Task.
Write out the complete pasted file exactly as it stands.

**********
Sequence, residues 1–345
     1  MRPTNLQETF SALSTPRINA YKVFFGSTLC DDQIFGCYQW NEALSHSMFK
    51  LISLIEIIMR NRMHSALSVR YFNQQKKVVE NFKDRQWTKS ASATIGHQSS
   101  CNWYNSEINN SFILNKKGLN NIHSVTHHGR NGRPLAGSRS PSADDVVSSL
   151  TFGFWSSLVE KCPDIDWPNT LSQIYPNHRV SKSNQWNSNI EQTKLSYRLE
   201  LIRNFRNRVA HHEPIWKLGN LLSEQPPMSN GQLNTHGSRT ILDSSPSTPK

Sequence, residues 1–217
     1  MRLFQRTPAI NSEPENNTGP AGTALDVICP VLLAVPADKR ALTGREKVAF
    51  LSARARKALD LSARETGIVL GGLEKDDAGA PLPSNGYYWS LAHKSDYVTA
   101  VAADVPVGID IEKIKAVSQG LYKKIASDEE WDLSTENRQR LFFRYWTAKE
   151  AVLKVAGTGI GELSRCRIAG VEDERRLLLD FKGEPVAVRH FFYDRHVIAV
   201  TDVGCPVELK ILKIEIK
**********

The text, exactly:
Sequence, residues 1–345
     1  MRPTNLQETF SALSTPRINA YKVFFGSTLC DDQIFGCYQW NEALSHSMFK
    51  LISLIEIIMR NRMHSALSVR YFNQQKKVVE NFKDRQWTKS ASATIGHQSS
   101  CNWYNSEINN SFILNKKGLN NIHSVTHHGR NGRPLAGSRS PSADDVVSSL
   151  TFGFWSSLVE KCPDIDWPNT LSQIYPNHRV SKSNQWNSNI EQTKLSYRLE
   201  LIRNFRNRVA HHEPIWKLGN LLSEQPPMSN GQLNTHGSRT ILDSSPSTPK

Sequence, residues 1–217
     1  MRLFQRTPAI NSEPENNTGP AGTALDVICP VLLAVPADKR ALTGREKVAF
    51  LSARARKALD LSARETGIVL GGLEKDDAGA PLPSNGYYWS LAHKSDYVTA
   101  VAADVPVGID IEKIKAVSQG LYKKIASDEE WDLSTENRQR LFFRYWTAKE
   151  AVLKVAGTGI GELSRCRIAG VEDERRLLLD FKGEPVAVRH FFYDRHVIAV
   201  TDVGCPVELK ILKIEIK